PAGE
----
Research in Focus
Identifying a Method for Predicting the Clinical Performance of Ceramic Crowns

Drs. Rekow and Thompson are measuring how many chewing-like cycles of force all-ceramic posterior crowns can withstand before they develop fractures similar to the ones shown here in glass.

Multi-cyclic loading in water-a test measuring how many chewing-like cycles of force a crown can withstand before it fractures-is the most reliable guide for assessing the long-term durability of all-ceramic posterior crowns, according to Dr. Dianne Rekow, Professor and Chair of the Department of Basic Science & Craniofacial Biology and Special Advisor to the President and the Provost on Engineering at NYU, and Dr. Van Thompson, Professor and Chair of the Department of Biomaterials & Biomimetics. Dr. Rekow and Dr. Thompson are the co-principal investigators on a 10-year, $10 million, NIH-funded study of zirconia and alumina crowns and esthetic porcelain veneers that is scheduled to conclude in spring 2008.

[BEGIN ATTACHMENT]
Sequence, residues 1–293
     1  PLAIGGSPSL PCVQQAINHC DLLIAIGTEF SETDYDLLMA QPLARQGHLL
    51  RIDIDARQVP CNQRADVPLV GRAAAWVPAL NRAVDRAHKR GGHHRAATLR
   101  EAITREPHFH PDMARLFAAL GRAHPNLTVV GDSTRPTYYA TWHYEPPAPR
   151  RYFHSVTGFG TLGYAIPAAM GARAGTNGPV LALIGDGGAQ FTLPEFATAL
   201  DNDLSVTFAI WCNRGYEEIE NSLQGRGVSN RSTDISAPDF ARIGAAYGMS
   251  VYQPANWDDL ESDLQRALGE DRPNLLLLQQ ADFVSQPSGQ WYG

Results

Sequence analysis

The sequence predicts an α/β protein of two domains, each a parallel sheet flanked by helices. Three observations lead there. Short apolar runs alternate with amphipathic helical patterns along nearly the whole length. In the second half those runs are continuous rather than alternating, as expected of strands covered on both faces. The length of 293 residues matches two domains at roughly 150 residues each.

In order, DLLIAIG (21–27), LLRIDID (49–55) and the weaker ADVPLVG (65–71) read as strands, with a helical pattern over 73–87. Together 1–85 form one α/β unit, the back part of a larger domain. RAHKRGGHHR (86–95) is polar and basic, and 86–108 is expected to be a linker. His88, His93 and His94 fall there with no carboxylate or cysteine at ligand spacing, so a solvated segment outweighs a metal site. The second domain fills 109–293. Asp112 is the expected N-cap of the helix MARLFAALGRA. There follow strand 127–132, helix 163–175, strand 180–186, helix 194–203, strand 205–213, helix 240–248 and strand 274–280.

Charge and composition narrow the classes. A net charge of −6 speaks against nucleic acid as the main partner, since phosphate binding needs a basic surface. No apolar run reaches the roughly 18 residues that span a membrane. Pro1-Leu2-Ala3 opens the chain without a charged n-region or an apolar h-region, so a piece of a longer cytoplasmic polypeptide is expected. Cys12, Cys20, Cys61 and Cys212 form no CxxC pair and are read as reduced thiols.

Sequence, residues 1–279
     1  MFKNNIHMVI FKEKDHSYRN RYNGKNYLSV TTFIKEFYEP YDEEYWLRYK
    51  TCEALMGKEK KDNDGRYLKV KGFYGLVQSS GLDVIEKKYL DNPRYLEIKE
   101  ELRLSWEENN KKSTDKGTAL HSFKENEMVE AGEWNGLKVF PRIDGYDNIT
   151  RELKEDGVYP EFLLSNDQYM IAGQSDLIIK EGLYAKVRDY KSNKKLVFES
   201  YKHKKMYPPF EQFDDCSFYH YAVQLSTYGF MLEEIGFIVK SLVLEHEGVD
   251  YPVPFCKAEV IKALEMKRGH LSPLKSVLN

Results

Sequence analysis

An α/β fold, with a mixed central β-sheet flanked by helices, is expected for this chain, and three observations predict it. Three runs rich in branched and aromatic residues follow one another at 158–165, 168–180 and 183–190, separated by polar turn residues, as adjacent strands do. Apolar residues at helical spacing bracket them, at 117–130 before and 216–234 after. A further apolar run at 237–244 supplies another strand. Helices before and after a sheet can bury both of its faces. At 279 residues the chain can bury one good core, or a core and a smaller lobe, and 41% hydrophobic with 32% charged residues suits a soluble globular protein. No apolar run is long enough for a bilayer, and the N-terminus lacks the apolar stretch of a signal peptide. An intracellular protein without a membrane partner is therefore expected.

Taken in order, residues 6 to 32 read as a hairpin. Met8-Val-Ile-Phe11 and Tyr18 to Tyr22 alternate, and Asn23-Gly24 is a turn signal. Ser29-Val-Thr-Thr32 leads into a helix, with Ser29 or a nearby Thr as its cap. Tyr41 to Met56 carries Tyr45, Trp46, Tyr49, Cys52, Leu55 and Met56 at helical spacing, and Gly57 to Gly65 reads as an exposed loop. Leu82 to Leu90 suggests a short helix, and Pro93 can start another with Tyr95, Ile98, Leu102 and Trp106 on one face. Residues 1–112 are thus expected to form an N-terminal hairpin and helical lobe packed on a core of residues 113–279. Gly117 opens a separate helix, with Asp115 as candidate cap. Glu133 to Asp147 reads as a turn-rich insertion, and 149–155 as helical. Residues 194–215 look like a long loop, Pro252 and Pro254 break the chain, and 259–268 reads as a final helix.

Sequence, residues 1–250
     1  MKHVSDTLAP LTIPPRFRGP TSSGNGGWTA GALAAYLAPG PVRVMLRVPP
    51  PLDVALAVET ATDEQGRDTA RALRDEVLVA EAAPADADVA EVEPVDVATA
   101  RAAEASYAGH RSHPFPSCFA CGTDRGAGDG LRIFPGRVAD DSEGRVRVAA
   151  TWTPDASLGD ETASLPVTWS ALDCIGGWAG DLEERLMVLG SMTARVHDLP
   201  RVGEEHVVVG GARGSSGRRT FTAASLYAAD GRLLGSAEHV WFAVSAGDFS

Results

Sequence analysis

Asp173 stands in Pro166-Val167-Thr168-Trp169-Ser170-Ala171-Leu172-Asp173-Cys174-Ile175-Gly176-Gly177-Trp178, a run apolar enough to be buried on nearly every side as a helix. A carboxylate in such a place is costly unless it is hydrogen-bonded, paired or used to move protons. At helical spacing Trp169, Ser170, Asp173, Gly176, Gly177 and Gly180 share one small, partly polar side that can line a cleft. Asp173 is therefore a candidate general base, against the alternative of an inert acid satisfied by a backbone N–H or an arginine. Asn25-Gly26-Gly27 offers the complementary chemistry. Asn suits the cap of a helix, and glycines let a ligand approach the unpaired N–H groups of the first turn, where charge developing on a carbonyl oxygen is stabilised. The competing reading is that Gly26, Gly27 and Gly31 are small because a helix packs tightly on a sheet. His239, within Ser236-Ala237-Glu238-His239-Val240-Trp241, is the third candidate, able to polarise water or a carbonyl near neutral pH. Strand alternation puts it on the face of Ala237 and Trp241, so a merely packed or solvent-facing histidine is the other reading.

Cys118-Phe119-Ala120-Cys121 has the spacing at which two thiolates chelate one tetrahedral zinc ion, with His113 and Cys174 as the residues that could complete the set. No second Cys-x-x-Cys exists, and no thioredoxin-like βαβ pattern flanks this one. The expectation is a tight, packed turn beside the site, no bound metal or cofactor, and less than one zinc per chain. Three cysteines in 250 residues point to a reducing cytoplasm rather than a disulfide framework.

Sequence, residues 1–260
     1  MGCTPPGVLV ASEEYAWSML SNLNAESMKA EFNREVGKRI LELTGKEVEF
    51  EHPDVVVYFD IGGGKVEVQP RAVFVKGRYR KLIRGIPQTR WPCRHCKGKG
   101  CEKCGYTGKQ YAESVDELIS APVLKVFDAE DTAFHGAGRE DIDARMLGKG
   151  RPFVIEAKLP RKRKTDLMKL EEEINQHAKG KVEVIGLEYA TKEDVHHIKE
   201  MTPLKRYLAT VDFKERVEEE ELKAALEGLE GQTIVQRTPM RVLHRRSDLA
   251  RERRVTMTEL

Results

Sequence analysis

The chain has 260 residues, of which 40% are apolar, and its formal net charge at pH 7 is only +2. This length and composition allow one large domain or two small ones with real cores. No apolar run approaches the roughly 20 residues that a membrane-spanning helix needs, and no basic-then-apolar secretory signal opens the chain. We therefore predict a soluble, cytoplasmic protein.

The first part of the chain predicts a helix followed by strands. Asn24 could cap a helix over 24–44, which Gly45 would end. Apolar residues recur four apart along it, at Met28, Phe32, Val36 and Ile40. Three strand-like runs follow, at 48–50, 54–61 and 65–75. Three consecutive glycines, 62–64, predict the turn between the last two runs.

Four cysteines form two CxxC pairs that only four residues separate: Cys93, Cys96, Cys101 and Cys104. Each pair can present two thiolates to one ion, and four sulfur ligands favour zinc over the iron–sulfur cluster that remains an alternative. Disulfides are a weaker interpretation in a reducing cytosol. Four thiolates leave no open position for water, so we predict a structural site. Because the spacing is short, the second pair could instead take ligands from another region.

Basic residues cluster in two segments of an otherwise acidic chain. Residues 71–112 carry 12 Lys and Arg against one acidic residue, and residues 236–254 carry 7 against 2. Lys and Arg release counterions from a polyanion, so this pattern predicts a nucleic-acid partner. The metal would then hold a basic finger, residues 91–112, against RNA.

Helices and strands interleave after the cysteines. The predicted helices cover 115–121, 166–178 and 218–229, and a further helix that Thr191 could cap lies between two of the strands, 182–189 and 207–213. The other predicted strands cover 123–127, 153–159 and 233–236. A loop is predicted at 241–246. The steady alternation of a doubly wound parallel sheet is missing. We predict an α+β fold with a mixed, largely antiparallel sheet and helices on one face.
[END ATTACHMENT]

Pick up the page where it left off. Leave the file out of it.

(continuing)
The test closely simulates the oral environment in which a posterior crown is placed by submerging the ceramic in water and repeatedly contacting it with a ball about the size of a biting tooth. The crown chips or fractures occur when the cracks caused by this process grow or join together.

Dr. Rekow is urging dental crown manufacturers to adopt the test and to make the results available to dental practitioners, through such mechanisms as product packaging or product inserts.

In the final phase of their study, Drs. Rekow and Thompson are overseeing multi-cyclic loading tests on ceramic configurations that closely resemble the actual complex shape of a crown.